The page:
Michel Am-Nondokro Djotodia (born c. 1949) is a Central African politician who was President of the Central African Republic from 2013 to 2014. He was the first Muslim to hold that office in the predominantly Christian country.[nb 1] Djotodia was a leader of the almost entirely Muslim Séléka rebel coalition in the December 2012 rebellion against President François Bozizé. Following a peace agreement, Djotodia was appointed to the government as First Deputy Prime Minister for National Defense in February 2013. When the peace agreement unravelled, Séléka captured Bangui and Djotodia took power on 24 March 2013. He promised to lead a transition to new elections in which he would not be a candidate, but his time in office was marked by escalating sectarian violence, and he was ultimately pressured into resigning by regional leaders on 10 January 2014.
|7th President of the Central African Republic|
24 March 2013 – 10 January 2014
|Prime Minister||Nicolas Tiangaye|
|Preceded by||François Bozizé|
|Succeeded by||Alexandre-Ferdinand Nguendet (Acting)|
Michel Am-Nondokro Djotodia
1949 (age 71–72)
Vakaga, French Equatorial Africa (now Central African Republic)
|Political party||Union of Democratic Forces for Unity|
Background and early rebel activitiesEdit
Djotodia was born in Vakaga, French Equatorial Africa (modern day Central African Republic), reportedly in 1949. He is Muslim, and as such part of a religious minority in the mostly Christian Central African Republic. He lived in the Soviet Union for about 10 years. While there he studied, became fluent in Russian, got married and had children. When he returned to Vakaga he was regarded as an intellectual, well-educated man who spoke various languages. Although he was noted for being politically ambitious he was an obscure figure, little known outside his native region, and worked in the civil service. He was a tax official during the 1980s.
Having studied economic planning in the Soviet Union, Djotodia worked at the Central African Republic's Ministry of Planning and subsequently at the Ministry of Foreign Affairs. He served for a time as Consul in the Sudanese city of Nyala.
Djotodia soon became involved in a milieu of rebel activity; he was one of the founders and leading members of the Union of Democratic Forces for Unity rebel group in 2006. He lived in exile in Cotonou, Benin during the war. In November 2006 he was arrested together with his spokesman Abakar Sabon without trial by Beninese forces at the behest of the government of Central African President François Bozizé. They were released in February 2008 after agreeing to participate in peace talks with the CAR government.
In December 2012, Djotodia was a key leader in the Séléka rebel coalition when it succeeded in rapidly taking control of a large portion of the country. At peace talks in January 2013, President Bozizé agreed to appoint a prime minister from the opposition and incorporate the rebels into the government. Following negotiations, a national unity government, headed by Prime Minister Nicolas Tiangaye, was appointed on 3 February 2013; it was composed of Bozizé supporters, the opposition, and rebels. Djotodia received the key post of First Deputy Prime Minister for National Defense.
The peace agreement unraveled in March 2013, as Séléka resumed seizing towns, accusing Bozizé of failing to keep his promises. The rebels kept their five ministers, including Djotodia, from going to Bangui. Djotodia said that rebel soldiers made the decision, not himself. There was speculation that, while Djotodia may have been content with his prominent new government post, others in Séléka wanted to take power outright. After days of fighting, the rebels captured Bangui on 24 March 2013, forcing Bozizé to flee the country, and Djotodia declared himself President. Djotodia said that there would be a three-year transitional period and that Tiangaye would continue to serve as Prime Minister.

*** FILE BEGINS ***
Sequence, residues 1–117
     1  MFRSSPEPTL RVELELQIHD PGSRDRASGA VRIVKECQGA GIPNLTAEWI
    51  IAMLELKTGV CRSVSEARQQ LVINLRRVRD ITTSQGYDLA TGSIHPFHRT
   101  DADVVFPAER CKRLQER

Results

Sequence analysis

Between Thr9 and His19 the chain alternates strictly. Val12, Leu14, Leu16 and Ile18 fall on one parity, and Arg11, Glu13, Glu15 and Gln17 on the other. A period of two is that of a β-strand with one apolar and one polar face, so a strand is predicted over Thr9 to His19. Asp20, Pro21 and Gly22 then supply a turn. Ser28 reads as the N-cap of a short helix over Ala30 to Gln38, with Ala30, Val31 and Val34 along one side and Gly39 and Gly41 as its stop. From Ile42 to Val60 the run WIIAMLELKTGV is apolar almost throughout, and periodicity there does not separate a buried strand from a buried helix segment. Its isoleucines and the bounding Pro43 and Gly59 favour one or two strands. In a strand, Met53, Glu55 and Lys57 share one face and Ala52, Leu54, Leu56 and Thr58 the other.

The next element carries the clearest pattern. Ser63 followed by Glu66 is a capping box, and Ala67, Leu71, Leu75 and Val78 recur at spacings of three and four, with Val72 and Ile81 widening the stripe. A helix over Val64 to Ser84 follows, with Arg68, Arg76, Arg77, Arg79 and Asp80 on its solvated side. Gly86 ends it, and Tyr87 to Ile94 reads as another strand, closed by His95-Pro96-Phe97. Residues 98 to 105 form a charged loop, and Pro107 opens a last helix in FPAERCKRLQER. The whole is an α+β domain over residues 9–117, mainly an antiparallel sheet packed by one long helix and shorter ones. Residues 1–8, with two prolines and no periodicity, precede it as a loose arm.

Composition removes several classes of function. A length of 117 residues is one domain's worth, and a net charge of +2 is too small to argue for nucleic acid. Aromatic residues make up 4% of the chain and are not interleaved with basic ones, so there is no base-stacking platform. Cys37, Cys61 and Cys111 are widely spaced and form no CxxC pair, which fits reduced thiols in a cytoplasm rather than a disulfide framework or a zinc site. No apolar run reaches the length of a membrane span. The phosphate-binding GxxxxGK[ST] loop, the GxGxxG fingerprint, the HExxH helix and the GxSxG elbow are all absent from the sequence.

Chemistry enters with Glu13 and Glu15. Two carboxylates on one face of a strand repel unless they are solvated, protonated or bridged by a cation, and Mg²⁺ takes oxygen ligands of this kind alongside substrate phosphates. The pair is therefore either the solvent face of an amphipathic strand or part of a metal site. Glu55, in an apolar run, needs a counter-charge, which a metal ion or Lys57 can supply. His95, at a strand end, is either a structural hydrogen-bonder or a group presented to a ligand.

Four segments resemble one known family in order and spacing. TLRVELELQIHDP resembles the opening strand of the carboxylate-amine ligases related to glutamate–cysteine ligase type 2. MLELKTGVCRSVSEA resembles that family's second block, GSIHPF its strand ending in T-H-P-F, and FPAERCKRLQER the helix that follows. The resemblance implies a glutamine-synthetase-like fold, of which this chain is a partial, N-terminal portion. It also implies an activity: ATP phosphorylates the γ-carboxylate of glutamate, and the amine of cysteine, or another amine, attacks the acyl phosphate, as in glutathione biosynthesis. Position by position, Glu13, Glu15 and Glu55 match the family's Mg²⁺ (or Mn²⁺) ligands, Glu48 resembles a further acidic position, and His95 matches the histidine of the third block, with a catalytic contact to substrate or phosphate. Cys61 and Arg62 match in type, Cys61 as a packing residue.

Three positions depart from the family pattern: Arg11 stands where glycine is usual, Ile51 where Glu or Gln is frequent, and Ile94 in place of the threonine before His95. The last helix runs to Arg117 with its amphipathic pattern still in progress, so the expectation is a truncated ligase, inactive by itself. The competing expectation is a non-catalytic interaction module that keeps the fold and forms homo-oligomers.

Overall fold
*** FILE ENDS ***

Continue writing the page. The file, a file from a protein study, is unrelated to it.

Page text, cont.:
Djotodia promptly suspended the constitution and dissolved the government, as well as the National Assembly. He then reappointed Tiangaye as Prime Minister on 27 March 2013. Top military and police officers met with Djotodia and recognized him as President on 28 March 2013. A new government headed by Tiangaye was appointed on 31 March 2013; Djotodia retained the defense portfolio.
On 3 April 2013, African leaders meeting in Chad declared that they did not recognize Djotodia as President; instead, they proposed the formation of an inclusive transitional council and the holding of new elections in 18 months, rather than three years as envisioned by Djotodia. Speaking on 4 April, Information Minister Christophe Gazam Betty said that Djotodia had accepted the proposals of the African leaders; however, he suggested that Djotodia could remain in office if he were elected to head the transitional council. Djotodia accordingly signed a decree on 6 April for the formation of a transitional council that would act as a transitional parliament. The council was tasked with electing an interim president to serve during an 18-month transitional period leading to new elections.
The transitional council, composed of 105 members, met for the first time on 13 April 2013 and immediately elected Djotodia as interim President; there were no other candidates. A few days later, regional leaders publicly accepted Djotodia's transitional leadership, but, in a symbolic show of disapproval, stated that he would "not be called President of the Republic, but Head of State of the Transition". According to the plans for the transition, Djotodia would not stand as a candidate for President in the election that would conclude the transition.
In the months that followed Séléka's takeover, the group was criticized for continuing to perpetrate violence against civilians. Djotodia was formally sworn in as President on 18 August 2013. On that occasion he said that he hoped to be "the last of my countrymen to have to take up arms in order to come to power". He also vowed that he would not stand as a presidential candidate.
Sectarian violence between Muslims and non-Muslims continued to escalate, and Djotodia faced pressure from regional leaders and the international community due to his apparent inability to control the situation. Djotodia resigned as President at a summit held in N'Djamena on 10 January 2014. He then went into exile in Benin on 11 January. He was welcomed at Cotonou Airport by Benin's Foreign Minister Nassirou Bako Arifari, who said that Benin received Djotodia "at the request of member states of the Economic Community of Central African States" as a "contribution to the search for peace in central Africa."